3. Yes Steven, I believe I took ownership of my personal experience of never seeing an infection caused by acupuncture over 13 years of private practice and 10 years supervising interns in community clinic settings. Not a minute sampling.

      As for "sometimes" make mistakes, The HealthGrades Patient Safety in American Hospitals study, released in 2010, puts the death toll at 534 per day nationwide. That's 195,000 dead people per year due to preventable in-hospital errors. I'm not even going to go into the number of infections and disabilities per year.

      As for the efficacy, Steven, your dismissal is unfortunate because the following is a list of some organizations who endorse and utilize acupuncture because they they have found it to be a viable and effective treatment:

      World Health Organization

      The NIH and the NCCAM, both branches of US Department of Health and Human Services. This from the director, Josephine Briggs:
      "... acupuncture affects structures of the limbic system involved in the affective/suffering components of pain. Neurochemical studies are revealing the effects of acupuncture on neurotransmitters such as noradrenaline and endogenous opioid peptides that are associated with descending endogenous pain-modulating systems. Other neurochemical studies are exploring whether acupuncture increases nonenzymatic nitric oxide generation and the role that may play in acupuncture effects, such as inducing noradrenaline release.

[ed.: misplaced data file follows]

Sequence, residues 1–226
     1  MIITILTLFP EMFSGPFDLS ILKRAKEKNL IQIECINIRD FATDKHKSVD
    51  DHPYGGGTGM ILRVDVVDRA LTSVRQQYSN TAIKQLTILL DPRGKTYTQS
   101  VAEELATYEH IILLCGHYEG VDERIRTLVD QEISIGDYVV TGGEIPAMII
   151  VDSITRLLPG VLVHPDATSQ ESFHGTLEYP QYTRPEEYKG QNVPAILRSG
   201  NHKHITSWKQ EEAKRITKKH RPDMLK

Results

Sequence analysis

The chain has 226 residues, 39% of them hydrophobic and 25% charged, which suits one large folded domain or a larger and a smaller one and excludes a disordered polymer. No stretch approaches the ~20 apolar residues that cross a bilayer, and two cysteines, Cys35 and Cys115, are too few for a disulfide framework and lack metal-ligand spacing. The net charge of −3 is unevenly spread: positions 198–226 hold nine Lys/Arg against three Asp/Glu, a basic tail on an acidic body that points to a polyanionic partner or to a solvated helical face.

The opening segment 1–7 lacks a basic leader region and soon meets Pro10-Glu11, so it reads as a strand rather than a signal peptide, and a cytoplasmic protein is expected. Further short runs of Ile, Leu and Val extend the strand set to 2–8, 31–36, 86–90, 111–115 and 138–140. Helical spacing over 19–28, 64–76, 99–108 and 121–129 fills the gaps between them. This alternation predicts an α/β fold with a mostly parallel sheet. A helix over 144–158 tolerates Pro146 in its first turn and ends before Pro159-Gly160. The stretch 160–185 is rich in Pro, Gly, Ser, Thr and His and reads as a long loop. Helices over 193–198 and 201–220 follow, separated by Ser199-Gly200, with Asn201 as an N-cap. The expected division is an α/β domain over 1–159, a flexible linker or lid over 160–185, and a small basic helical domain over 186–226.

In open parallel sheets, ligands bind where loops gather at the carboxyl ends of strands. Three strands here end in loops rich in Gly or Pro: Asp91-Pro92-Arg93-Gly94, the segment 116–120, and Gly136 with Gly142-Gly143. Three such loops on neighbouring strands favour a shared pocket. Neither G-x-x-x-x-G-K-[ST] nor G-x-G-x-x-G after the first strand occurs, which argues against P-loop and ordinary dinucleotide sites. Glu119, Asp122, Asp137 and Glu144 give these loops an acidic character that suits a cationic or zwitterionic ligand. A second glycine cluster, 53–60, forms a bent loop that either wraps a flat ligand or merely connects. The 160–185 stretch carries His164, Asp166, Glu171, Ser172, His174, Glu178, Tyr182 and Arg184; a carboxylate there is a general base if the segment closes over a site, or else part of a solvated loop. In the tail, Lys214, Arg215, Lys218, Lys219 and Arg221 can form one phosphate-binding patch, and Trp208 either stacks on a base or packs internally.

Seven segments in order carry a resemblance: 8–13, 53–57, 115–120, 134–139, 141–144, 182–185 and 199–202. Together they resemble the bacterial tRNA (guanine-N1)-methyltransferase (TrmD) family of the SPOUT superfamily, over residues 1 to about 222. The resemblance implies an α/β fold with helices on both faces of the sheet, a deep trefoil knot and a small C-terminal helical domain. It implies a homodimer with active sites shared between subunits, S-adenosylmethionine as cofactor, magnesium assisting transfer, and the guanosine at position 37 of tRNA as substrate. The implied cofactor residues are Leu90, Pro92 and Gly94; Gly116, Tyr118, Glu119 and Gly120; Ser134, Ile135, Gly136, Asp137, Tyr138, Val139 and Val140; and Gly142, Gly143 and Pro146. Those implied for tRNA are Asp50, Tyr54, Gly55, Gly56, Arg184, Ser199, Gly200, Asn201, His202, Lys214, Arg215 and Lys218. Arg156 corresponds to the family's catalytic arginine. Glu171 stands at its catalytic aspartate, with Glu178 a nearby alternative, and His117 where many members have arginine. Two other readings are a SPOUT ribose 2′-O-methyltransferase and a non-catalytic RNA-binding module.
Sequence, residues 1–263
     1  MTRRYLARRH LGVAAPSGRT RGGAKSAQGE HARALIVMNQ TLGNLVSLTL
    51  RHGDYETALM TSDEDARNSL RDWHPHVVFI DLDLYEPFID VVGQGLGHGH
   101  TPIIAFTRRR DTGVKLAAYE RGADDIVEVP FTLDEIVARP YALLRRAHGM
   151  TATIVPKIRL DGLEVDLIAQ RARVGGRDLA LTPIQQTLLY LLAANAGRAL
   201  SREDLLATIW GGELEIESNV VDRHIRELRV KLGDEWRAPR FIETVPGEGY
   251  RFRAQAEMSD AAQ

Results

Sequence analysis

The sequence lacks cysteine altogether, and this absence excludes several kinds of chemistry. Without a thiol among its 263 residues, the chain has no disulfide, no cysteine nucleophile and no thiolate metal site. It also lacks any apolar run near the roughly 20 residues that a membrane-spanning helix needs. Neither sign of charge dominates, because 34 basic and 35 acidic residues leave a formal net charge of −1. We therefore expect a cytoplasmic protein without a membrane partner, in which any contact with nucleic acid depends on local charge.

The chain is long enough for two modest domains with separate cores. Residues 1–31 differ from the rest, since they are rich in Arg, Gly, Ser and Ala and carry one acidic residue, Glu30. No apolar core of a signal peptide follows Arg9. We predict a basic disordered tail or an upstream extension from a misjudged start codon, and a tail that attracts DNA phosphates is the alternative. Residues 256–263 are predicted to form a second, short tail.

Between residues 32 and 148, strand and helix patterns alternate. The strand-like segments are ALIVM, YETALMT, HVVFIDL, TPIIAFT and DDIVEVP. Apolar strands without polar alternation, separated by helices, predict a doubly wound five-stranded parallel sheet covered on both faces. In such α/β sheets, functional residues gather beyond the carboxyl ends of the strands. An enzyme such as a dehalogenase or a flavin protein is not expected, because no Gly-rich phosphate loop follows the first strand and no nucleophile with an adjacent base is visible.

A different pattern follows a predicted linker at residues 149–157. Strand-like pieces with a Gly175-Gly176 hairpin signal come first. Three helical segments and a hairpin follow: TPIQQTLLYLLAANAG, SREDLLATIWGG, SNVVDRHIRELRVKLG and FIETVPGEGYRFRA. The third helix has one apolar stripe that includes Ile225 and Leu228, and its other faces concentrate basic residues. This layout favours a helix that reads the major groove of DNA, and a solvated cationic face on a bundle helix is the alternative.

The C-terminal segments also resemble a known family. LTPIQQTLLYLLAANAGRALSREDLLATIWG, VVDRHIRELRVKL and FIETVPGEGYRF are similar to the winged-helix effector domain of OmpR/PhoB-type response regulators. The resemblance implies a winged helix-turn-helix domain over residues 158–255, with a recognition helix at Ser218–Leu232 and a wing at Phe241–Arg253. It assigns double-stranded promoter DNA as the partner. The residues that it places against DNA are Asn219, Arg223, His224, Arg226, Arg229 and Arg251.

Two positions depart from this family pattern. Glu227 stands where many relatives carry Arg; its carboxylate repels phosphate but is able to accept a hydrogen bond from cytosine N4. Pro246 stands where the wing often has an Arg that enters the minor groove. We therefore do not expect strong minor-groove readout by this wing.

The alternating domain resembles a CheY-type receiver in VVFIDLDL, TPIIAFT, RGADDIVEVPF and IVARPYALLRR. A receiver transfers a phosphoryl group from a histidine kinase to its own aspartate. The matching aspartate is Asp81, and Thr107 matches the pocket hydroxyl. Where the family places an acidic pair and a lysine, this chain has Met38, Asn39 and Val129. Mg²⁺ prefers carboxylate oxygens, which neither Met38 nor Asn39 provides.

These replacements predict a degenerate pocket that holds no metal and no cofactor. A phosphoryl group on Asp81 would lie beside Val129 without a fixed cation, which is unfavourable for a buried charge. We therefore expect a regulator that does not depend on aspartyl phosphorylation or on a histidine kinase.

Clinical research is also keeping pace. A systematic review of randomized controlled clinical trials of acupuncture for postoperative pain, published in the August 2008 issue of the British Journal of Anaesthesia, demonstrated that acupuncture had clear value, that it decreased pain intensity and lowered opioid side effects. Recently, the American Pain Society and the American College of Physicians published new clinical treatment guidelines for persistent back pain that now include acupuncture as a treatment option."

      Major League Baseball

      Kaiser Permanente

      This list is quite incomplete. But the point being, Steven, is, as ancient as acupuncture is, your line of thinking here is even more antiquated and behind the curve. I would suggest taking a harder look at that.

    4. Dennis, your insistence that your personal experience trumps scientific evidence indicates that you don't seem to understand the nature of scientific methodology. You can claim all you like about your personal experience, but it is uncontrolled, anecdotal, and biased - and it does not support scientific claims. Then you continue to misunderstand - deeply - your mis-use of statistics about hospital deaths. People go to hospitals for life-threatening conditions, and sometimes they die. I can't believe that you seriously think you could show up, administer acupuncture, and save all those lives. It's just a non-sequitur to compare hospital deaths across all causes to acupuncture.
      Then you quote NCCAM's director - well, if you search NCCAM on this blog you will see that I've written about it many, many times, and done extensive research into NCCAM's promotion of quackery and nonsense. I and others have looked at the studies that claim acupuncture works better than placebo, and found those studies seriously flawed. Many other, better studies have shown that acupuncture simply doesn't work. If it weren't for all the money that you and others were making by offering this ineffective therapy, it would have been abandoned long ago. But you and others continue to promote it because you have a personal incentive to do so. That's too bad for the patients who spend their hard-earned money on it.

  7. If you were smart enough to do any research, Steven--there is more evidence based scientific research that shows acupuncture is a faster acting than any opioid.